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Theological Atomism

Published online by Cambridge University Press:  01 January 2024

William Charlton*
Affiliation:
Yearhaugh Farm, West Woodburn Hexham, United Kingdom, NE48 2TU, UK

Abstract

By ‘atomism’ I mean the idea, applicable in various fields, that explanation proceeds from small to large and part to whole. A theological atomist would see the salvation of mankind as the sum of the salvations of individuals and try to understand the Incarnation, the Last Supper, the Crucifixion, the Resurrection and the Ascension as successive episodes each making its own separate contribution. I argue that we are essentially social beings, and infer that God can communicate with us, and we can be united with him, only as forming a society. More controversially, I suggest that the Son of God became incarnate primarily in a society, and saved it by turning it into a single supernatural organism, living with divine life.

Type
Original Article
Copyright
Copyright © 2013 The Author. New Blackfriars © 2013 The Dominican Council. Published by John Wiley & Sons Ltd. 2014

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References

1 A System of Logic, 6.7.1.

2 A System of Logic 6.9.1.

3 Principles of Mathematics Ch. 44 s. 447; Russell's emphasis.

4 Unlike Aristotle's theologia: see Metaphysics E 1026a18–21; De Anima 1 402b2–8.

5 Psalms 80. 8–9, cf. Isaiah 5. 1–2. Ezekiel also uses the images of cultivation and a vine, (17. 3–10, 22–4; 19. 10–14,) see below.

6 E.g. Aquinas, Summa Theologiae 1 qq. 94–5; cf. Catechism of the Catholic Church ss. 374–6

7 In The Fall and the Ascent of Man, (University Press of America, 2012) Joseph Fitzpatrick argues persuasively for an interpretation of this chapter alternative to Augustine's: that it depicts the passage of our species to moral maturity.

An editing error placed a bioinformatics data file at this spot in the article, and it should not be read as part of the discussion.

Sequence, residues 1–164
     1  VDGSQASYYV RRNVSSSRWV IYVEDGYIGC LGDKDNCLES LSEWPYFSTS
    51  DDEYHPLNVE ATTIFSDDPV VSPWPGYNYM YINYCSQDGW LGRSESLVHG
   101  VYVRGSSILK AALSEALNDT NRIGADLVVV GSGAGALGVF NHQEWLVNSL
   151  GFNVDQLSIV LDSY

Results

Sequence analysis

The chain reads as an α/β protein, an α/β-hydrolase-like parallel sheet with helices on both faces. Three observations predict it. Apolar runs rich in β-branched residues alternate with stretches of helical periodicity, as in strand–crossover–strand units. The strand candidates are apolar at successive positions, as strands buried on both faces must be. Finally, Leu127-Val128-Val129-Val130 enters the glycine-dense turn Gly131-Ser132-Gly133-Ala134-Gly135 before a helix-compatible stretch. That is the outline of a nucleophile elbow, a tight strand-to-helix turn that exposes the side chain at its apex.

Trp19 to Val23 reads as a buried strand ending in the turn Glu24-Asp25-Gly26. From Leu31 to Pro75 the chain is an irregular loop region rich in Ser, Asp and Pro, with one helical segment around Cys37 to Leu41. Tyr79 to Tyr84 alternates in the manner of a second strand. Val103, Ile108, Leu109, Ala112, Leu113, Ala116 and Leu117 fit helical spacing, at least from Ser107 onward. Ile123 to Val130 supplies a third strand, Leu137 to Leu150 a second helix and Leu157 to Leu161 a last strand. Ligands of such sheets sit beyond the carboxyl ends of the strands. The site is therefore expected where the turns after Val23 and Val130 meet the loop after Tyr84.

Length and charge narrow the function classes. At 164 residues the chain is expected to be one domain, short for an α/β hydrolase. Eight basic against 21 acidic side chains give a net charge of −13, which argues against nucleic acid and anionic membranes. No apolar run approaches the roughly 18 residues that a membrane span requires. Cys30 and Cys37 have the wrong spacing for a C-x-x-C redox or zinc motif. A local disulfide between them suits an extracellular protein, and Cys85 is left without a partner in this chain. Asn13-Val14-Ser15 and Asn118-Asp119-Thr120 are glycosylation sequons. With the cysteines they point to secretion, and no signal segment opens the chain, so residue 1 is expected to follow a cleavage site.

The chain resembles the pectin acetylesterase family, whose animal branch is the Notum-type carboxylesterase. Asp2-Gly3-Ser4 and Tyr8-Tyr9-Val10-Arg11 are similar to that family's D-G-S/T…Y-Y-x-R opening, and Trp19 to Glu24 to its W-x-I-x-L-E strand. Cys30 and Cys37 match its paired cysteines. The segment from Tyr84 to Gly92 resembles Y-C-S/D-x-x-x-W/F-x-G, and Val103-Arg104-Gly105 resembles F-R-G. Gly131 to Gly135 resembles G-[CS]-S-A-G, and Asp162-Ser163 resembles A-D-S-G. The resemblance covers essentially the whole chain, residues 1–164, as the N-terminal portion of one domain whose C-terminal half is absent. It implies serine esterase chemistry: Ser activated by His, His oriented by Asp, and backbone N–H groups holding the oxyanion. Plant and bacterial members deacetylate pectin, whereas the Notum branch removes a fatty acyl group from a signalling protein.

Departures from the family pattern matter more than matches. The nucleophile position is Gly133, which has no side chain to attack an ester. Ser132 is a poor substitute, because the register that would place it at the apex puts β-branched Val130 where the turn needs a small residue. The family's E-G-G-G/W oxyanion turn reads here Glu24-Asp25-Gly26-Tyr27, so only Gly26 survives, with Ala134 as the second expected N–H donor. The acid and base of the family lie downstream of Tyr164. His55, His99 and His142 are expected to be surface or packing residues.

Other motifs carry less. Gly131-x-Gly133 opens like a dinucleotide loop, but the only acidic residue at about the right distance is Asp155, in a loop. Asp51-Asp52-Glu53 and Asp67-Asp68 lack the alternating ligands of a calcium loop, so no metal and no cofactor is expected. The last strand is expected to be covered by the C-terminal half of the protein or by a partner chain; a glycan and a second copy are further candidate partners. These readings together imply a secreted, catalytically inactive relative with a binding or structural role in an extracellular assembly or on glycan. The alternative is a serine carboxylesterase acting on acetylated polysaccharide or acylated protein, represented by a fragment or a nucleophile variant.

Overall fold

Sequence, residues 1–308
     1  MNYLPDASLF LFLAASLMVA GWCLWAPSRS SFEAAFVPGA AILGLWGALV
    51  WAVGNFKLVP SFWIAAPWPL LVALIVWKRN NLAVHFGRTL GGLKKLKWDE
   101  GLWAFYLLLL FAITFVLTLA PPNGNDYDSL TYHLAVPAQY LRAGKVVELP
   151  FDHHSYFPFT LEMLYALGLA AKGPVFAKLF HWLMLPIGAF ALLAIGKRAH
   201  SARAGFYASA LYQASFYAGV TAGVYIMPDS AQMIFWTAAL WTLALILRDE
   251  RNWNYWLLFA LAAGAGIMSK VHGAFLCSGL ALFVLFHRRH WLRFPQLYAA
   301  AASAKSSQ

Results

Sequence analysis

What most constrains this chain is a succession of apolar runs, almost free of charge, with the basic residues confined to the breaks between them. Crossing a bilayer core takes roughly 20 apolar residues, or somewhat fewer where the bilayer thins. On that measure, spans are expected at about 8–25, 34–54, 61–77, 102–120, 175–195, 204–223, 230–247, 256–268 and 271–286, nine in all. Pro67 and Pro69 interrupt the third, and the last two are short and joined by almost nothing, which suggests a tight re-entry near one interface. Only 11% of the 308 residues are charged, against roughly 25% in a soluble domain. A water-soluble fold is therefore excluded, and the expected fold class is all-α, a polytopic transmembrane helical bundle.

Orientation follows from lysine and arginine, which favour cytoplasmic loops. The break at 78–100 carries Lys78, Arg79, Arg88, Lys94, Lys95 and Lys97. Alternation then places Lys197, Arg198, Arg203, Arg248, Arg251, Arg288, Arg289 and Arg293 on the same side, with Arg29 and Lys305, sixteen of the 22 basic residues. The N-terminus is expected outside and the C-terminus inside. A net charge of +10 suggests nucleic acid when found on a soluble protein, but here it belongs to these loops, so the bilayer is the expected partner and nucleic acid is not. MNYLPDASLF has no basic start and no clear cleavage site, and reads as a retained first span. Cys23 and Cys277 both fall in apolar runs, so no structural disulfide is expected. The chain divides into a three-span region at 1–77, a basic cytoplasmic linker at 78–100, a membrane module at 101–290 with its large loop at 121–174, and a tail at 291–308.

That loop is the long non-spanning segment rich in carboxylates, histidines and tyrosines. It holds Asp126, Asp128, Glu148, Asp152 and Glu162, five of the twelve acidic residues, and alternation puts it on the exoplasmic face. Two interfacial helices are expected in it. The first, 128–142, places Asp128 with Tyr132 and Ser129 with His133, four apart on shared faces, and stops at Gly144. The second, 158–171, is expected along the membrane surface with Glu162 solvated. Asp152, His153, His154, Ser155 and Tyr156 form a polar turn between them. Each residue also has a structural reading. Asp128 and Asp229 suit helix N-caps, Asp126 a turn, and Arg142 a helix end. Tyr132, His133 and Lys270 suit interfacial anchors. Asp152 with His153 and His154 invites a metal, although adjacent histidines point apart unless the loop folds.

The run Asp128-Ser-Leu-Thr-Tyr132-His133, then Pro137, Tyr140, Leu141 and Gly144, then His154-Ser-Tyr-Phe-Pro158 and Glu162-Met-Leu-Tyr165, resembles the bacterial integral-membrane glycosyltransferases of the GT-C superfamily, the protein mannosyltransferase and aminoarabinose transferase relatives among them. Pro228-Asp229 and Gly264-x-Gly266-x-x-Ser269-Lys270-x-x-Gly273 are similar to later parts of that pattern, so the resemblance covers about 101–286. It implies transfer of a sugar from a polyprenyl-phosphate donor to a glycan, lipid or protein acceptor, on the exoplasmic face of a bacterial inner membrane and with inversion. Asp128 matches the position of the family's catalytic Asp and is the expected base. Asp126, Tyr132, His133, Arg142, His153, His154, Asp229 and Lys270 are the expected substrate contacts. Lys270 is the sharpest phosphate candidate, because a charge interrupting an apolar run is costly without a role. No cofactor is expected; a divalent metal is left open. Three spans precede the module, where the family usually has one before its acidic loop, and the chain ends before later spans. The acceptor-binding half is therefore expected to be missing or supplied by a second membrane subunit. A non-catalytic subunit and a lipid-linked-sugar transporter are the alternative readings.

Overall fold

8 The Religion of Jesus the Jew, (London: SCM Press, 1993) p. 123Google Scholar. Vermes quotes Isaiah 49.23 and might have added Psalm 72. 9–10 and Isaiah 54. 2–3 and 60. 1–12.

9 Metaphysics N 1090b20.

10 Catechism of the Catholic Church, s. 613.

11 Catechism of the Catholic Church, s. 659.

12 Ss. 1997, 2000 (the Catechism's emphasis). Similarly the older The Teaching of the Catholic Church, arranged and edited by George D. Smith, (London: Burns Oates and Washbourne, 1952,) p. 66:’The life which we receive in virtue of our incorporation into Christ is none other than a participation in the life of God which, in its inceptive state during our earthly pilgrimage, is sanctifying grace; in its perfect and consummated state, is the glory of the Beatific Vision’(my emphasis.) We receive this grace, it is said, at baptism.

13 The Physical, the Natural and the Supernatural, (London: Sheed and Ward, 1998), Ch. 8.

14 Catechism of the Catholic Church, s. 464.

15 The Eucharistic Presence’, New Blackfriars, Vol.82 no. 962 (April 2001) pp. 1610–74Google Scholar; Being Reasonable About Religion, (Aldershot, Ashgate 2006), Chs. 18–20Google Scholar

16 So, e.g., Rm 8. 1–17. Similarly the third Preface for the feast of the Nativity says that it is through the Incarnation that we made eternal (nos quoque, mirando consortio, reddit aeternos). It must be acknowledged, however, that according to the Catechism of the Catholic Church, s. 366, ‘every spiritual soul is created immediately by God’ and ‘is immortal’. If that is right, salvation is not from death but only from sin and perhaps Hell: either every human being after death shares in God's eternal life, or people can continue to exist after death without sharing in it. Severed branches of the vine burn, it has been suggested to me privately by P.T. Geach, not atemporally but for unending time.

17 Politics 2 1261a10–22.